Pretty soon the Army’s only hope of salvaging anything from its ill-fated Future Combat System (FCS) program will rest with the new Ground Combat Vehicle (GCV). Just last week the Army announced its decision not to equip its combat brigades with the Network Integration Kits which had been intended as a spin-off from the FCS. This decision comes on top of the Army’s earlier cancellation of efforts to deploy the Class I Unmanned Aerial Vehicle and the Tactical and Urban Unattended Ground Sensors. All three of these capabilities had performed rather poorly in operational testing last year. As a result, all the Army will have to show for its decade-long, multibillion dollar investment program in FCS will be — maybe — the GCV.
Even this, the Army’s last hope, may be in danger. Congress has put a hold on spending for the GCV until it receives a report detailing the analysis of alternatives to a new armored combat vehicle. It appears that Congress is concerned about the vehicle’s reported price tag, between $9 and $10 million a copy or twice that of an upgraded M-1 Abrams tank and five times that of a Stryker wheeled combat vehicle. Some members of Congress may rightly be worried in the aftermath of the debacle that was the FCS program whether anything useful can emerge from its ashes. All reports indicate that the three teams bidding on the GCV program will be forced by the tight timelines associated with the first phase effort (24 months to deliver a prototype vehicle) to go with existing technology. This means, in essence, using what was developed under FCS.
The Army has insisted that relaxing its requirements and shortening the time frame for delivery of a prototype GCV will rein in the tendency of major programs to push the technological envelope, creating enormous program risk and the likelihood that the cost of development increases astronomically. Of course, if this is the case then why would a vehicle based on proven technologies — one of the teams is reported to be pushing a slightly enhanced version of a 20 year-old European armored vehicle — cost so much?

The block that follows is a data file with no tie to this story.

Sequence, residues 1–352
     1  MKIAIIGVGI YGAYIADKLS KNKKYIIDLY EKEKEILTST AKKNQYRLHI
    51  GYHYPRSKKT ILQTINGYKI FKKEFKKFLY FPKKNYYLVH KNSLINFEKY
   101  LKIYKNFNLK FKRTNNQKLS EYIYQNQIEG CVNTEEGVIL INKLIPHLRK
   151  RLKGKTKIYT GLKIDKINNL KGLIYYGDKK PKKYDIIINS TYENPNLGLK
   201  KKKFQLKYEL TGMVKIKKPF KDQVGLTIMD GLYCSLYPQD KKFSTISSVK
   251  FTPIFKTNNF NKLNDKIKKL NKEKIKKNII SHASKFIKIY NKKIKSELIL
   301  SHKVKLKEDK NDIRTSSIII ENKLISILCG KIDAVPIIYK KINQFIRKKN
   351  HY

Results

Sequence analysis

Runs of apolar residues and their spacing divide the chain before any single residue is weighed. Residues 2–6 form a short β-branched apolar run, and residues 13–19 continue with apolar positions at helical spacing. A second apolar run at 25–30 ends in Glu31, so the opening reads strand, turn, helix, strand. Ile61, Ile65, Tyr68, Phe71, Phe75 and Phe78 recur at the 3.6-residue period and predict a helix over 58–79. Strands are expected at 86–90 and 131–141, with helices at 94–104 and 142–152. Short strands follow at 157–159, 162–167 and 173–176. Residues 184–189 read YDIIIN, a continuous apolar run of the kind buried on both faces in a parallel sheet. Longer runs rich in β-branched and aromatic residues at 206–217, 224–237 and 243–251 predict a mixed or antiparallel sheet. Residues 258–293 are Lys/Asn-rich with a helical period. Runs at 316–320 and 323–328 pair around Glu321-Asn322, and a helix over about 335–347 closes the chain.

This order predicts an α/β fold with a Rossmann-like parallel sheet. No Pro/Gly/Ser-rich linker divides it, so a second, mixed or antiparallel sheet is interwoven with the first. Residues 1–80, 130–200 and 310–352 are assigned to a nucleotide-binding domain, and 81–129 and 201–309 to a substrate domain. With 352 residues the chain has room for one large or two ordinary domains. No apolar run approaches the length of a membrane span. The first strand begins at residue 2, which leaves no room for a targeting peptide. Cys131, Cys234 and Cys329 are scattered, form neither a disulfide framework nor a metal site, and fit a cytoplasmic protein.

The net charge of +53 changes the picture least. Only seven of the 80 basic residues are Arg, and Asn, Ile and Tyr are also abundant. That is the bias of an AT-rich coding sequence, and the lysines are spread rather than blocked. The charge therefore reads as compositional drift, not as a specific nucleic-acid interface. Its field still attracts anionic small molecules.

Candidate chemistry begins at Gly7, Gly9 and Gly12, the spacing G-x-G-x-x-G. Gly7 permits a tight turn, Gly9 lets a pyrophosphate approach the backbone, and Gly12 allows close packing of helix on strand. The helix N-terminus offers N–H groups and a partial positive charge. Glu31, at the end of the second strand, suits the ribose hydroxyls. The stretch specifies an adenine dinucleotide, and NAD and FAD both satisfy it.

All the Army’s hopes, fears, experiences in two wars and wounds sustained in a host of recent unsuccessful ACAT I programs are now invested in the GCV. That is one reason why the vehicle has to be capable of full spectrum operations. It should be noted that none of the other services has a major weapons platform that is designed to address equally all points along the spectrum conflict. The Navy is building the Littoral Combat Ship precisely because its existing fleet of destroyers and cruisers is not well suited to operations in that portion of the aqua sphere. The Air Force has its high and lower end fighters, the F-22 and F-35, and is deploying a limited number of light attack aircraft for counterinsurgency operations.
In view of the fact that the Army and Marine Corps have successfully employed a vast fleet of purpose-built armored vehicles to fight the conflicts in Iraq and Afghanistan, including M-1 tanks, Bradleys, MRAPS, M-ATVs, Stryker, uparmored Humvees and even trucks, what is the real value of a single vehicle that spans this entire spectrum of vehicles? And is that additional increment of utility really worth the price tag?
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